Rules are similar to other throwing events: competitors take a number of throws, their best legal throw is recorded and the winner is the individual with the longest legal throw. The most noticeable difference with the other events is that rather than a throwing circle as used in discus, shot put and hammer throw, the competitors have a run-up area coated with the same rubberised surface used for coating running tracks, and a painted line on the surface from which they must release the javelin from. The javelin's point must touch the ground first for the throw to be legal.
Javelin throwers gain considerable forward velocity in their run-up to their throws, and as well as strength demonstrate athleticism more similar to running and jumping events. Thus, the athletes share more similar physical characteristics to those athletes rather than the bulky frames of the strength throwers.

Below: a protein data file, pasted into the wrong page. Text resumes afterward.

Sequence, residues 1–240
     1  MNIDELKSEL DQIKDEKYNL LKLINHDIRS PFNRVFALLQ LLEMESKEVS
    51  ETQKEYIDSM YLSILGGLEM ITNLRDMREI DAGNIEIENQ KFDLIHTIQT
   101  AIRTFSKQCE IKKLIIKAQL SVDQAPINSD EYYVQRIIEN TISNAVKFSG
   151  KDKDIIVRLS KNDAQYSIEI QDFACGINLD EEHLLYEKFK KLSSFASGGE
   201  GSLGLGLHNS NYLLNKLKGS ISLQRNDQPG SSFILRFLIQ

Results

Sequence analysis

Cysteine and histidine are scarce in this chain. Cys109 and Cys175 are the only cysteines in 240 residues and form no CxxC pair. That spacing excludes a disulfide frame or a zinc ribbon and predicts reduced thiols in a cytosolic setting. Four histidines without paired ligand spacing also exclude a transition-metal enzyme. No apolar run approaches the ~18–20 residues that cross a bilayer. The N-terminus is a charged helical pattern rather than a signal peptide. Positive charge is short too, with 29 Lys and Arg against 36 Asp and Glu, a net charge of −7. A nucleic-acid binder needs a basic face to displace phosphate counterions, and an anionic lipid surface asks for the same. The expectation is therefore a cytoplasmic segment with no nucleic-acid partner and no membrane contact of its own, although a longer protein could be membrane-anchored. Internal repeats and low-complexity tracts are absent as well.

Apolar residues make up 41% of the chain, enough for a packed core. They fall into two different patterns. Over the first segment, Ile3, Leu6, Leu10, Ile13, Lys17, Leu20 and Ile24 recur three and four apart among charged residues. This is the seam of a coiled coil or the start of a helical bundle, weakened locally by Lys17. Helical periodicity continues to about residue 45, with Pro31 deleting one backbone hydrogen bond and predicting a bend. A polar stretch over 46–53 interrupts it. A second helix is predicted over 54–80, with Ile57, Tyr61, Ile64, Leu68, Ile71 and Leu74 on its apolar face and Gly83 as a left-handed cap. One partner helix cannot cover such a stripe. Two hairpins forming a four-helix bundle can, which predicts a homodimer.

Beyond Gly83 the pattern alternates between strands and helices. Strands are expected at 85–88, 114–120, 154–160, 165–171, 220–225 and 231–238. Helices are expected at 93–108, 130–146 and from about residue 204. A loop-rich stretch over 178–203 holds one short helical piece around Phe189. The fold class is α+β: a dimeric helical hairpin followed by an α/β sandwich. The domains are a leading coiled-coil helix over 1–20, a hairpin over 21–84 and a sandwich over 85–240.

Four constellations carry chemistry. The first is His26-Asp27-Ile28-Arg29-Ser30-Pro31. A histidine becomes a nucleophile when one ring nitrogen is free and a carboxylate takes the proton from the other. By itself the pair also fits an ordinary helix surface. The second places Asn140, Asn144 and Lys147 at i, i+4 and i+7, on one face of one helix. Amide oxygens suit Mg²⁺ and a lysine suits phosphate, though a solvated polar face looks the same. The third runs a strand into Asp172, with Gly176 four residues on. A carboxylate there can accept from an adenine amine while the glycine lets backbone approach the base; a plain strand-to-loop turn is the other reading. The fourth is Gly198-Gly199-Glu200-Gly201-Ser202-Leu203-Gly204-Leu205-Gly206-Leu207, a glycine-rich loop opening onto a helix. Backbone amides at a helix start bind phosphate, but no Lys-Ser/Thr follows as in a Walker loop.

The javelin throw has been part of the Summer Olympics since its inception. Although the javelin is currently used only for sport in most areas, it has a long history of use for hunting and warfare. There are, for instance, numerous references to the javelin in ancient Hellenic civilization, who practised a form of javelin throwing at the ancient Olympics. The objective there, however was to throw at a target rather than for distance.